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Oracle® Database Express Edition 2 Day + PHP Developer's Guide
11g Release 2 (11.2)

E18555-04
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7 Error handling

Error handling in web applications should occur at many levels, protecting against everything from invalid user input right through to database errors. To make the user experience smooth, PHP errors should never be displayed to the web user. They should be captured in mid-tier log files and the user should instead be given the chance to retry or do another task. In a production system the php.ini display_errors setting should be Off.

This chapter contains the following topics:

Database Errors

At the database level, it is recommended to check all PHP OCI8 errors.

In ac_db.inc.php, currently the only error checking occurs at connection time in __construct():

        ...
        if (!$this->conn) {
            $m = oci_error();
            throw new \Exception('Cannot connect to database: ' . $m['message']);
        }
        ...

The oci_error() function returns an associative array, one element of which includes the text of the Oracle error message.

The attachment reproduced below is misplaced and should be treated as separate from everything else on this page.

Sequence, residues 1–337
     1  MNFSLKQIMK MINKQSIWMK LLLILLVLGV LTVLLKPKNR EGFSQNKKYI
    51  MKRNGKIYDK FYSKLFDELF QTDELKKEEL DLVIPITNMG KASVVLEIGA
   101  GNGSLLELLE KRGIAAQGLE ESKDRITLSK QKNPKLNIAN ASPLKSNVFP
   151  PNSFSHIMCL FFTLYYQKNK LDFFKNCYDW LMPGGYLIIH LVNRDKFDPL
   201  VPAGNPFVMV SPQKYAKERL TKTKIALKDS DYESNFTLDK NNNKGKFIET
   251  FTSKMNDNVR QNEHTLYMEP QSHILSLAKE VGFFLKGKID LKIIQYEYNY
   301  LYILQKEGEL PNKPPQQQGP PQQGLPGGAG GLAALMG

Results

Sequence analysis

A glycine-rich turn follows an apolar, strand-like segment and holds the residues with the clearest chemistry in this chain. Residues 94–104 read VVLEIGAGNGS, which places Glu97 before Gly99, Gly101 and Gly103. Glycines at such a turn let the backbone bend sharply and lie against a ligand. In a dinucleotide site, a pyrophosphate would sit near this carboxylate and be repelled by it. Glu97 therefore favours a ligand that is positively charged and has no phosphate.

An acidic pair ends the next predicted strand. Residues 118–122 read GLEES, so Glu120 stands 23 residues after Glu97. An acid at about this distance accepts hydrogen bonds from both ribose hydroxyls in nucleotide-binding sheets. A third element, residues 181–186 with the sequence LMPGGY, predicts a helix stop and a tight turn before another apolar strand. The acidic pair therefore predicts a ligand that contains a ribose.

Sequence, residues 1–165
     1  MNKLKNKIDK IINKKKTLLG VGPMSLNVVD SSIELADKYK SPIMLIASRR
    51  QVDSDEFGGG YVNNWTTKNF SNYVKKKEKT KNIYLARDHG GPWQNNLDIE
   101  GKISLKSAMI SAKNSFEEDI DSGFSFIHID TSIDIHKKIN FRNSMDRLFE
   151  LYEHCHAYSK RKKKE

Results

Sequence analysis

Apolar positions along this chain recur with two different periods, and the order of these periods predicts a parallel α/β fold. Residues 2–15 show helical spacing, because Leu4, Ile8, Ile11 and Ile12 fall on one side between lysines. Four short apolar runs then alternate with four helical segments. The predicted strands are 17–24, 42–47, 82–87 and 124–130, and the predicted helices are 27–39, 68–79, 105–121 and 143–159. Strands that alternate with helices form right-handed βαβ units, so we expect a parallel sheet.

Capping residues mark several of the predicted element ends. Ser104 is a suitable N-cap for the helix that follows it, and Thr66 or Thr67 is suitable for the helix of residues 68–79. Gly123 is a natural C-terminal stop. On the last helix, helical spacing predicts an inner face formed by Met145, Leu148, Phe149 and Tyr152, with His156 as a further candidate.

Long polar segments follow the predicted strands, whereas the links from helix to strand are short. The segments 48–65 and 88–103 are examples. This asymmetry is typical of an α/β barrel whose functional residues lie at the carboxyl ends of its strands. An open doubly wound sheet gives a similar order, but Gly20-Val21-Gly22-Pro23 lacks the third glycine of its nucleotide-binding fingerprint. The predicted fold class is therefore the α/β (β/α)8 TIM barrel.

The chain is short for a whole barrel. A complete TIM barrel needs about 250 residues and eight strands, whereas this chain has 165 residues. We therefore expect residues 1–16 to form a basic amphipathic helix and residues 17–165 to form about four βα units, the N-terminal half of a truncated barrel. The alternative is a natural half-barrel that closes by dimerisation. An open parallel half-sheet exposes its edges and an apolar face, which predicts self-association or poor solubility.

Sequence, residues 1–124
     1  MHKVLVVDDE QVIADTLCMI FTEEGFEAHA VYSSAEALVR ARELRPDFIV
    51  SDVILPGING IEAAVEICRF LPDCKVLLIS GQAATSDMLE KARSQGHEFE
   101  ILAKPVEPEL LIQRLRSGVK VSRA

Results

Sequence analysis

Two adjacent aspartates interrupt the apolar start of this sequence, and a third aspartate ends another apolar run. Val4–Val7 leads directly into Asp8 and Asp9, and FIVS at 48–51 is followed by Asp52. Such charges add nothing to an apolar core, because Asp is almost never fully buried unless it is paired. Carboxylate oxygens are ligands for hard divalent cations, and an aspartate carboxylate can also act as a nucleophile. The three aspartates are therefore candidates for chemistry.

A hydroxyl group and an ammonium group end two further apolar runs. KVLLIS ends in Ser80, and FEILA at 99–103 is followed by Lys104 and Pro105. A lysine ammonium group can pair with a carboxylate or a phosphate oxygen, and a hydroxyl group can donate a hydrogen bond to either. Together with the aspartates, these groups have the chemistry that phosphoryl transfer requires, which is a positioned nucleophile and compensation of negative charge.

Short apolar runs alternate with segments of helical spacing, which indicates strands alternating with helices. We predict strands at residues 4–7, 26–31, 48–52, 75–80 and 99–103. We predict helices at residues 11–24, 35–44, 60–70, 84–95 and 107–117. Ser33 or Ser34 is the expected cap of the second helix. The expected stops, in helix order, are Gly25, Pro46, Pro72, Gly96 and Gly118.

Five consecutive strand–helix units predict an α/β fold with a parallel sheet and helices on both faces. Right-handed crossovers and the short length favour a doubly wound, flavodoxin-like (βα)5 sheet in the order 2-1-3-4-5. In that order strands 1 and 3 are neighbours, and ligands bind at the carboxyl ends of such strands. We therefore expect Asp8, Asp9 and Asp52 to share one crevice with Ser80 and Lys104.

Left as an extra exercise for the reader is to improve the error handling in the Db class. The rest of this tutorial is not dependent on any changes in this regard. Evaluate each PHP OCI8 call and decide where to check return values. Call oci_error() to get the text of the message. For a connection error, do not pass an argument to oci_error(), as shown above. Unlike connection errors where oci_error() takes no argument, to check errors from oci_parse() pass the connection resource to oci_error():

$stid = oci_parse($conn, $sql);
if (!$stid) {
    $m = oci_error($conn)
    ...
}

For oci_execute() errors pass the statement handle:

$r = oci_execute($stid);
if (!$r) {
    $m = oci_error($stid)
    ...
}

Displaying a Custom Error Message

Simulate an error in ac_show_equip.php by editing getempname() and throwing an exception in printcontent(). PHP will give a run time error when it reaches that call: